New Zealand Prime Minister Jacinda Ardern says a four-day workweek could help rebuild the nation's economy in the wake of the coronavirus crisis. Ardern floated the idea during a Facebook Live earlier this week.
Speaking Tuesday from Rotorua, a tourist hub in New Zealand, Ardern brought up a flurry of suggestions that could help jumpstart the country's vital tourism industry, including the shorter workweek, which could encourage citizens to travel more.
"I hear lots of people suggesting we should have a four-day week," Ardern said. "Ultimately that really sits between employers and employees. But as I've said there's just so much we've learnt about COVID and that flexibility of peoplee, the productivity that can be driven out of that."
"I'd really encourage people to think about that if you're an employer and in a position to do so to think about whether or not that is something that would work for your workplace because it certainly would help tourism all around the country," she added.
Arden said domestic tourism makes up about 60% of the industry, but New Zealanders spend about $9 billion (NZD) on tourism internationally.
"Think about exploring your backyard," she said.
According to the country's official statistics, released in December, tourism generated about $16.2 billion, or 5.8% of New Zealand's GDP. Nearly 230,000 people were directly employed in tourism — about 8.4% of the total number of people employed in the country.
Ardern has been praised for her response to the pandemic. New Zealand has had just over 1,500 confirmed cases and 21 deaths in a population of about 5 million. In late April, she announced the country has against widespread community transmission of the coronavirus for the time being.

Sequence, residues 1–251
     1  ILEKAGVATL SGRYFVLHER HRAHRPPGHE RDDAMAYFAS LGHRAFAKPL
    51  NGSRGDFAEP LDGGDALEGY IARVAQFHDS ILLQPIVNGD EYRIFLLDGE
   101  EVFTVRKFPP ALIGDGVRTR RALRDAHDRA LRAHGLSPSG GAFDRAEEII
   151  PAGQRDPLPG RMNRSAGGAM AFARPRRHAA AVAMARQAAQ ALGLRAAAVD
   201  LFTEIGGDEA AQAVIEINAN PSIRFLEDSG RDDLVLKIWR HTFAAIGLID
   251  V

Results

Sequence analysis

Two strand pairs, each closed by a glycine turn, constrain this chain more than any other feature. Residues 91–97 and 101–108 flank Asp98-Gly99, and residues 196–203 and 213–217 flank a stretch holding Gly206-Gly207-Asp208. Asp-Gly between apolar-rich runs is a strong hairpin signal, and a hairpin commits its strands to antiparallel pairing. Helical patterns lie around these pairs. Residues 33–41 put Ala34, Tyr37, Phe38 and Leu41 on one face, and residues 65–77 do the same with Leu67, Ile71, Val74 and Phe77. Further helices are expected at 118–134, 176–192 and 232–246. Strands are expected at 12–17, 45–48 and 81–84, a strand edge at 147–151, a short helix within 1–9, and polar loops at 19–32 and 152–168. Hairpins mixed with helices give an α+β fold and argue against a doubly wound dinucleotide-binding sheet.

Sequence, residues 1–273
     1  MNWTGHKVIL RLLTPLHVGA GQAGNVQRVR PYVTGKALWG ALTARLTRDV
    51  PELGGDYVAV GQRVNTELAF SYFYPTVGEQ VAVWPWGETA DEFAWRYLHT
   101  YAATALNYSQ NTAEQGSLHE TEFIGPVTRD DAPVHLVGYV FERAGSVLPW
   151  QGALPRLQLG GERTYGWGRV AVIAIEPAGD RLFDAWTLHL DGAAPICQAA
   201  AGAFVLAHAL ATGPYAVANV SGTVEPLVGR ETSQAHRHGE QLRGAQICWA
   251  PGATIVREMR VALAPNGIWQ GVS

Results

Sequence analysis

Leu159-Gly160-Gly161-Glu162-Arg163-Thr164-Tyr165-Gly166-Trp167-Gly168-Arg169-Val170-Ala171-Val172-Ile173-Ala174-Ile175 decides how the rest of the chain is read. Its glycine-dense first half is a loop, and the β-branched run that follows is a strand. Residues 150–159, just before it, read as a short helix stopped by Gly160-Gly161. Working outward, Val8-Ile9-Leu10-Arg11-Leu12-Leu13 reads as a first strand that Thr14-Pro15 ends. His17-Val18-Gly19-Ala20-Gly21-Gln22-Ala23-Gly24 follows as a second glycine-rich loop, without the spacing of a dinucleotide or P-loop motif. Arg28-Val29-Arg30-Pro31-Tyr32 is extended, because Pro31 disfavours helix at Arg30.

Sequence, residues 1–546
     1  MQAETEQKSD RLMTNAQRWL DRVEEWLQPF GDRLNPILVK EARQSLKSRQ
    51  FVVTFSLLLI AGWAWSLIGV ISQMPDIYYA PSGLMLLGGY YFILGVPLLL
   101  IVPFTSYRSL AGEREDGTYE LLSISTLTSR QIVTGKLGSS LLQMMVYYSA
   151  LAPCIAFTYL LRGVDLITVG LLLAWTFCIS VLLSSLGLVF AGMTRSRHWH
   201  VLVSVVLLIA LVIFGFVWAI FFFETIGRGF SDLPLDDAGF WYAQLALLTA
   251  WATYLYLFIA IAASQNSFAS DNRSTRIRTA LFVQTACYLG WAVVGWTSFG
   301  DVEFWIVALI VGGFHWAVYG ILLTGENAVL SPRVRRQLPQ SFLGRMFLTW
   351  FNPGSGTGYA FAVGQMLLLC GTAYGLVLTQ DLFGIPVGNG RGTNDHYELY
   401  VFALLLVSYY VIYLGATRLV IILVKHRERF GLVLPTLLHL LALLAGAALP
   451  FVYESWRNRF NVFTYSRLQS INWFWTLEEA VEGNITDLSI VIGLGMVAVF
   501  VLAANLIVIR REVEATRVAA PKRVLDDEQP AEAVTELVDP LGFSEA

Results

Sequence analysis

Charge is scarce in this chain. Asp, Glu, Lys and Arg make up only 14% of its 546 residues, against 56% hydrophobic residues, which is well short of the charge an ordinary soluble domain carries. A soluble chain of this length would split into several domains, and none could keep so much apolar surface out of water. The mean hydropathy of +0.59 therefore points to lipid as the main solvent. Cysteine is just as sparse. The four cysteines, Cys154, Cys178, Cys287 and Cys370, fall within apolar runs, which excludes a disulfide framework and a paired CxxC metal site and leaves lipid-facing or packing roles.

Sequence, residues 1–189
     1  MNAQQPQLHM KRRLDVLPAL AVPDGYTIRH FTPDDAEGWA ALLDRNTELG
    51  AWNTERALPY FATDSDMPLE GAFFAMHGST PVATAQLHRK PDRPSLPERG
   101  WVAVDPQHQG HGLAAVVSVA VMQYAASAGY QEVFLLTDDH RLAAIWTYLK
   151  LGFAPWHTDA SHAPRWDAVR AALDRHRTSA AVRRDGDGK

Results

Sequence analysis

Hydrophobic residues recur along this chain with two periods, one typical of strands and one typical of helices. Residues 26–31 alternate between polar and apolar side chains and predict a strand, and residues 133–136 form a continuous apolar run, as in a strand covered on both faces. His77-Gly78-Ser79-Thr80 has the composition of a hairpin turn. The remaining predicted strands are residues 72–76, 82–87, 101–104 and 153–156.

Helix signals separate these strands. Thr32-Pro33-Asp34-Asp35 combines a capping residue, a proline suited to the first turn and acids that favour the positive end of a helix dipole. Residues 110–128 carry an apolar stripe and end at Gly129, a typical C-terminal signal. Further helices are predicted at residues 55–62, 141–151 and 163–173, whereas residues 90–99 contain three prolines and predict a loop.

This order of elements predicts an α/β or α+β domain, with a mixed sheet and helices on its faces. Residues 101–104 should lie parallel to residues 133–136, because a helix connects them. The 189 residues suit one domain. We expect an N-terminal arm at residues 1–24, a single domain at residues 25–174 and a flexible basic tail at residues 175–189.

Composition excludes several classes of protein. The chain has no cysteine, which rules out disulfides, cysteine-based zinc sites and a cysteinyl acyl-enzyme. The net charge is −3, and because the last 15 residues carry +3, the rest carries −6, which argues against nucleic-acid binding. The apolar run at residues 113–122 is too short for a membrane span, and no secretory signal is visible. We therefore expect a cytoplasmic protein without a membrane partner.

"There is no widespread, undetected community transmission in New Zealand. We have won that battle," Ardern said on April 27. "But we must remain vigilant if we are to keep it that way."
Microsoft tried the report from the Society for Human Resource Management said 15% of more than 2,700 American companies and organizations surveyed now offer a four-day work week option to employees, up from 12% in 2017., before the coronavirus pandemic, with promising results. Productivity rose 40%, according to the software maker. A June 2019
"While four-day workweeks are still relatively uncommon, organizations that have implemented them report no decreases to productivity or revenue as a result," the report stated.